The story of Thorneloe begins with the creation of Laurentian University.  The Diocese of Algoma, along with the United Church of Canada and the (then) Jesuit University of Sudbury petitioned the Province of Ontario to create a public, non-denominational, bilingual university in northern Ontario, which in 1960 became Laurentian University.  Soon after both the University of Sudbury, and the new Huntington University, federated with Laurentian.

Soon after the Diocese of Algoma made an application to the Legislature of Ontario for the incorporation of Thorneloe University, which received Royal Assent on 29 March 1961. The new university was named after George Thorneloe, who from 1896 was the Bishop of the Diocese of Algoma, and later the Archbishop and Metropolitan of the Ecclesiastical Province of Ontario.  In addition to his commitment to Church communities under his pastoral leadership, Thorneloe was a theologian and a scholar, having received undergraduate and graduate degrees from Bishops’ University in Quebec.  Later in life he received honorary doctorates from Bishops’ University, Trinity College Toronto, and the University of Oxford.  Naming the new university after George Thorneloe was a way to honour the archbishop, but also the commitment of the new Anglican university to scholarship and life in Northern Ontario.

In 1962 Thorneloe University formally entered into the Laurentian federation along with Huntington University, the University of Sudbury, and Laurentian University. By 1964 Thorneloe and Laurentian agreed upon the land upon which Thorneloe made its home on the Laurentian campus.  In addition to classroom space, Thorneloe constructed a 58-room residence for students of Laurentian University.

In 1965 an architecturally unique style of a chapel was built for the students and staff at Thorneloe, in which Anglican worship and pastoral care was provided ecumenically on the Laurentian campus.  The chapel was named after St Mark the Evangelist, to which an ascription to the Fielding family was later added, a family with commitments to both Church and University in Sudbury and the north.

While Thorneloe, along with Huntington University and the University of Sudbury, was formerly federated with Laurentian University as a whole, it had a unique role within the humanities, and thus the Faculty of Arts.  As the number of disciplines at Thorneloe grew and expanded, they did so within an integrated Faculty of Arts. Thorneloe offered to Laurentian students courses from five distinct departments: Classics/Ancient Studies, Motion Picture Studies,  Religious Studies, Theatre Arts, and Women, Gender, and Sexuality Studies. In addition, from the 1990s Thorneloe began to operate its School of Theology that continues to this day, providing distance theological education at the undergraduate level to students in Northern Ontario, and indeed across Canada and different parts of the world.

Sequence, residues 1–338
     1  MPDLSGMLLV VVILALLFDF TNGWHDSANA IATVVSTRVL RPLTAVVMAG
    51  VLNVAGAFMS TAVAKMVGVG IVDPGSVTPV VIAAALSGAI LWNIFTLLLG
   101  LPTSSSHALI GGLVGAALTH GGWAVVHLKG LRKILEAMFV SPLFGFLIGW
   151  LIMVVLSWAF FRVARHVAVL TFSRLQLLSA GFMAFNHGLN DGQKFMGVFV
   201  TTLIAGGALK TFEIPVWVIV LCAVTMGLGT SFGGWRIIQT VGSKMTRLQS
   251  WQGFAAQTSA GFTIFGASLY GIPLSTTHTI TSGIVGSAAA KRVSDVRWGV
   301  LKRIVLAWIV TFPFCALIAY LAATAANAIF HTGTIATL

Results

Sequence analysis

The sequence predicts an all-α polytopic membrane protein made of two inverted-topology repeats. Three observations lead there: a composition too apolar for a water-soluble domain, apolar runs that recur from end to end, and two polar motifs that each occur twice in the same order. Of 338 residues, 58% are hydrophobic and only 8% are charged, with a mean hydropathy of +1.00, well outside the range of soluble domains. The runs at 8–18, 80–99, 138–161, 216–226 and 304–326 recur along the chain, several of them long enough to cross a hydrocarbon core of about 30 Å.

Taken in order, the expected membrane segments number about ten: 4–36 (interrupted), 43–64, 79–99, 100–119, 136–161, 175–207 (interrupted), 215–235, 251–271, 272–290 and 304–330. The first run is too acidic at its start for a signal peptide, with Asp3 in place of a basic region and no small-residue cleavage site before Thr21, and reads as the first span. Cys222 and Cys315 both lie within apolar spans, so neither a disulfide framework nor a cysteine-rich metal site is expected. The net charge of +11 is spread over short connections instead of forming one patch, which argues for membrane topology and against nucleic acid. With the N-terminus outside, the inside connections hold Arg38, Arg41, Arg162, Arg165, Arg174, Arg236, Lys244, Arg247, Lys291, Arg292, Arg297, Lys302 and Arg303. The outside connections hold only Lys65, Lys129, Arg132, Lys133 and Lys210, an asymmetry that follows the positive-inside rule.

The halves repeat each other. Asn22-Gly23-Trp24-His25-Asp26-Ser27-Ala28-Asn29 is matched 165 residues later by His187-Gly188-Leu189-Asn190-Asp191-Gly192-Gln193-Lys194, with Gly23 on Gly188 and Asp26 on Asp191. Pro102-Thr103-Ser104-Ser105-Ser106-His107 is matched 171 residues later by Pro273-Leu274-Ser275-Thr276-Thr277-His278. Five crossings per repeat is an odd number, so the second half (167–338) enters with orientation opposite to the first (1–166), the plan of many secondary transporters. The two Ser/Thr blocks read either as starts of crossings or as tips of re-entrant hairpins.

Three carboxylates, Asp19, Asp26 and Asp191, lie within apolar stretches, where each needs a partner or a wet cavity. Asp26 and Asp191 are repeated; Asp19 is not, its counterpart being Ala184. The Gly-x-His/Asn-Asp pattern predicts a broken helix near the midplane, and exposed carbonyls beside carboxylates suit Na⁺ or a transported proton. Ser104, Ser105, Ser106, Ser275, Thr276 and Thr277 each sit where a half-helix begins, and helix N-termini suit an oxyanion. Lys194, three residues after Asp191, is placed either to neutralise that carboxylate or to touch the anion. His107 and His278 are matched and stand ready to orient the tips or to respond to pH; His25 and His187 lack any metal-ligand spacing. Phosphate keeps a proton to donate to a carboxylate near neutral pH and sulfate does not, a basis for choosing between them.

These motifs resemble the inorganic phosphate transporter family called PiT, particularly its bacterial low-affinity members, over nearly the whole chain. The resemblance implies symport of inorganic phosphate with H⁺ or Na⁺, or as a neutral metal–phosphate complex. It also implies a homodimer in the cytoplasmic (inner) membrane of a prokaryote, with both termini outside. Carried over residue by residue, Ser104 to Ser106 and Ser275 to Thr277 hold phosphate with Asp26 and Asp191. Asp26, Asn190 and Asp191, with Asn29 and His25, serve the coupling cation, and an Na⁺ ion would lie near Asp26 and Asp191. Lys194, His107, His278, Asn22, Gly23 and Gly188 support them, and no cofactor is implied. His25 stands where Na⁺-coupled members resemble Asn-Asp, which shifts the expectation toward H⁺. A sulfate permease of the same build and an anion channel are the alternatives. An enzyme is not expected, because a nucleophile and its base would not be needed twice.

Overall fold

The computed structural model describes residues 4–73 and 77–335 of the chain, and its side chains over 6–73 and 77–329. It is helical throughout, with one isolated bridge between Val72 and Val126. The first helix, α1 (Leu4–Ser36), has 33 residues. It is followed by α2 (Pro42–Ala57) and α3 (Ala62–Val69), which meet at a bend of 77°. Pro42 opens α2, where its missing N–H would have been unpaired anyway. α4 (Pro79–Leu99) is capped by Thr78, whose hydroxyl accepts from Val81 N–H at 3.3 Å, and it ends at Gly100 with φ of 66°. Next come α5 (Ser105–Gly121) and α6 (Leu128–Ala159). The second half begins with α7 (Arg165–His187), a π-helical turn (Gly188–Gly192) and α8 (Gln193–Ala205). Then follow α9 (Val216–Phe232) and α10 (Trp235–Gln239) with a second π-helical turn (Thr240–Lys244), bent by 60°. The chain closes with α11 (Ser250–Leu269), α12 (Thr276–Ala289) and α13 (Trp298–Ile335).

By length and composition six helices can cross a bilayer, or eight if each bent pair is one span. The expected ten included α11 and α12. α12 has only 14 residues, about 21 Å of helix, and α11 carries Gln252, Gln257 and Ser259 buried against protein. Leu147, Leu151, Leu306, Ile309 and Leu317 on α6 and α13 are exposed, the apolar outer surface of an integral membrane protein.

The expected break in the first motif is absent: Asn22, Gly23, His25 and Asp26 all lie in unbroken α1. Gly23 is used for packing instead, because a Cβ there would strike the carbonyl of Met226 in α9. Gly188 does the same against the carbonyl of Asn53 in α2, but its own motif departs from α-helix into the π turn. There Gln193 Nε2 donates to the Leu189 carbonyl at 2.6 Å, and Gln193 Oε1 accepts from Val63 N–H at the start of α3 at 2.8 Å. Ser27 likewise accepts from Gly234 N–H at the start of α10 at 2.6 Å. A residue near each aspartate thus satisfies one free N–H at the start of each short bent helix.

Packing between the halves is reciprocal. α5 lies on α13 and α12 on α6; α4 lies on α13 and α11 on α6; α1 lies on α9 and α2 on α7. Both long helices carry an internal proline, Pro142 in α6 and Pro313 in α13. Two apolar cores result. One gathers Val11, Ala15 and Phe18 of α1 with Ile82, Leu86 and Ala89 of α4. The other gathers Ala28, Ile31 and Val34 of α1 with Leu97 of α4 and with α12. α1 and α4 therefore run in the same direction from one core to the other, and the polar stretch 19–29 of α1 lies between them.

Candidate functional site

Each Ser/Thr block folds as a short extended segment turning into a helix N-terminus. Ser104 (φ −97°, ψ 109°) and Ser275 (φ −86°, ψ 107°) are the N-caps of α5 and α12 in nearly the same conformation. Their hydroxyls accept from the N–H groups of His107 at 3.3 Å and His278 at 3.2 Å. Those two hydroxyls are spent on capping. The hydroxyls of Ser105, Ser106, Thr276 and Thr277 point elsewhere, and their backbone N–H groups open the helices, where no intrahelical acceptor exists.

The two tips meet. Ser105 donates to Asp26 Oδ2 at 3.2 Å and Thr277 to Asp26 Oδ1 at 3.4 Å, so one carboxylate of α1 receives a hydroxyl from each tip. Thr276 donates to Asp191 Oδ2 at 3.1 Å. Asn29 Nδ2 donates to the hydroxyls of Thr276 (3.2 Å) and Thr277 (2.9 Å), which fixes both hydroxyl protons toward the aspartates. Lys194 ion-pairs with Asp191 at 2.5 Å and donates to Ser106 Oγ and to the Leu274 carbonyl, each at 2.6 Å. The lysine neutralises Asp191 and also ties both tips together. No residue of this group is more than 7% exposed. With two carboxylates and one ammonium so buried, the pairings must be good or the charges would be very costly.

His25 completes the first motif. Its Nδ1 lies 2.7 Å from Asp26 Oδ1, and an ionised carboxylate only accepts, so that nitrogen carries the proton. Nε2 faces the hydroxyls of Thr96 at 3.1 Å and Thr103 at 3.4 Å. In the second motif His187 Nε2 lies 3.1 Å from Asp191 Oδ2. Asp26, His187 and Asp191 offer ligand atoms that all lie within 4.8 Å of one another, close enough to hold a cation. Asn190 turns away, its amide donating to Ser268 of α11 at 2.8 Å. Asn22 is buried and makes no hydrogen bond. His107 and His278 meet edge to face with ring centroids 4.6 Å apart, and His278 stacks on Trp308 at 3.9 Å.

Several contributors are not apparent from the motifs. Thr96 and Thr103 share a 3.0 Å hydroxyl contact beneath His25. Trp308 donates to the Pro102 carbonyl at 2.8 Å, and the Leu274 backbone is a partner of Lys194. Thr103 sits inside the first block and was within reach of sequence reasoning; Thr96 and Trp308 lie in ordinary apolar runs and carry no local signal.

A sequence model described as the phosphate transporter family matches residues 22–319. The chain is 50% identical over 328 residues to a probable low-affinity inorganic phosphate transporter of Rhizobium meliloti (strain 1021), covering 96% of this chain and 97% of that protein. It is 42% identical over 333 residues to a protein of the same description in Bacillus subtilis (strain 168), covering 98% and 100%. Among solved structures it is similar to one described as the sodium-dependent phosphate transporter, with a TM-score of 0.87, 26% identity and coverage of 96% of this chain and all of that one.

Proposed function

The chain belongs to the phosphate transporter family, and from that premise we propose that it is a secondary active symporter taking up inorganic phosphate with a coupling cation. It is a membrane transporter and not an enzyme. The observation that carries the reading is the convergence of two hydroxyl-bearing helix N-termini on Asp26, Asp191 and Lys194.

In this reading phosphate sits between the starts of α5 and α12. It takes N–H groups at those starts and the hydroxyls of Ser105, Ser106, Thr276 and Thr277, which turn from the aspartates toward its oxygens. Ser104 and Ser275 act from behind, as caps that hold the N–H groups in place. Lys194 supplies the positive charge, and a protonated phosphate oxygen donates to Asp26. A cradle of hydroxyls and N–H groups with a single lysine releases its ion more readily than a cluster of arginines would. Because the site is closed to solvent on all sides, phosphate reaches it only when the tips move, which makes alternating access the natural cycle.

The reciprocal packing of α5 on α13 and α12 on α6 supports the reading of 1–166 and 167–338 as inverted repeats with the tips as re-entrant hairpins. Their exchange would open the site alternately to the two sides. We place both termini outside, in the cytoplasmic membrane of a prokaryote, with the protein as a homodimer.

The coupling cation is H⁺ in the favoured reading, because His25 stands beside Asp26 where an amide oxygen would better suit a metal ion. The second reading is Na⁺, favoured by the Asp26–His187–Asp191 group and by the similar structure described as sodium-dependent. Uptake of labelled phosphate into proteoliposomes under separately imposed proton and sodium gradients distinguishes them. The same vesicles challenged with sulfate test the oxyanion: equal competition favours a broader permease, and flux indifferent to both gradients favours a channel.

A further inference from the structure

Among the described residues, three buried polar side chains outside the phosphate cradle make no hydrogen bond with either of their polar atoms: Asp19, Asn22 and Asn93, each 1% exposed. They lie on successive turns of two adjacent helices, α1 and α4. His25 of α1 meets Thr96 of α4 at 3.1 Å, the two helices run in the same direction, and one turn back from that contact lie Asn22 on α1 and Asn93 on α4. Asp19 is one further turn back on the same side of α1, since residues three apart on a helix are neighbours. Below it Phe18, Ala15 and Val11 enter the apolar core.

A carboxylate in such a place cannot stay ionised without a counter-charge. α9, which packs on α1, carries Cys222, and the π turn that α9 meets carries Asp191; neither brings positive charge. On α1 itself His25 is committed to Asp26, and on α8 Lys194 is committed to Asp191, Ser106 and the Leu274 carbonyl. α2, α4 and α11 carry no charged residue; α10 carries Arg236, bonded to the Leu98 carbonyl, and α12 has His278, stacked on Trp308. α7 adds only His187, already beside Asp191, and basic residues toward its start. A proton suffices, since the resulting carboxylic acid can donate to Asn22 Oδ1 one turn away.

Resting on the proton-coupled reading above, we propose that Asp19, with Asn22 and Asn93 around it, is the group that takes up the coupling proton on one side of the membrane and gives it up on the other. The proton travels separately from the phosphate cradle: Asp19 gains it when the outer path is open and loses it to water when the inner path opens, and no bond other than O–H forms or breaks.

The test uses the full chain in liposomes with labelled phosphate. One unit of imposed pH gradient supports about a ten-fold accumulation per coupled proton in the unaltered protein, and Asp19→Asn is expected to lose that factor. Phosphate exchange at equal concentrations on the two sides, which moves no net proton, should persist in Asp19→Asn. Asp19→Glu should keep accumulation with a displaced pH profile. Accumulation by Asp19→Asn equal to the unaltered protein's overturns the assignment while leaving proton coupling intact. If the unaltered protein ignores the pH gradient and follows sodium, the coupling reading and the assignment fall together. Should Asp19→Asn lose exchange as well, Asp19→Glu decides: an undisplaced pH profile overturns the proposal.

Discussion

With some irony, on 30 March 2021, almost 60 years to the day that Thorneloe was created, Laurentian University announced its unilateral decision to terminate the historic federation agreements with the three federated universities. An era for Thorneloe, the other federated partners, for Laurentian, and for Subdury had come to an end. All of the departments and programs at Thorneloe, along with our full- and part-time teaching commitments, were over.

Today Thorneloe is committed to its School of Theology, and expanding its operations.

The Thorneloe Residence remains one of the most sought-after residences on the Laurentian campus, known for its vibrant community life and a place of peace and quiet for studies.

The Ernie Checkeris Theatre hosts a number of theatre and performing arts groups in the Sudbury area, including the Sudbury Performance Group, the Sudbury Youth Orchestra, One North Clown and Creation, Crestfallen, and the City of Lakes Music Society.

People of all faiths will be welcome to use the quiet holy space of the Fielding Memorial Chapel of St. Mark at Thorneloe Campus.

Current Chancellor:  The Most Revd Anne Germond

Current Chair of the Board of Governors: Mr Brian Koivu

Current President: Dr John Gibaut

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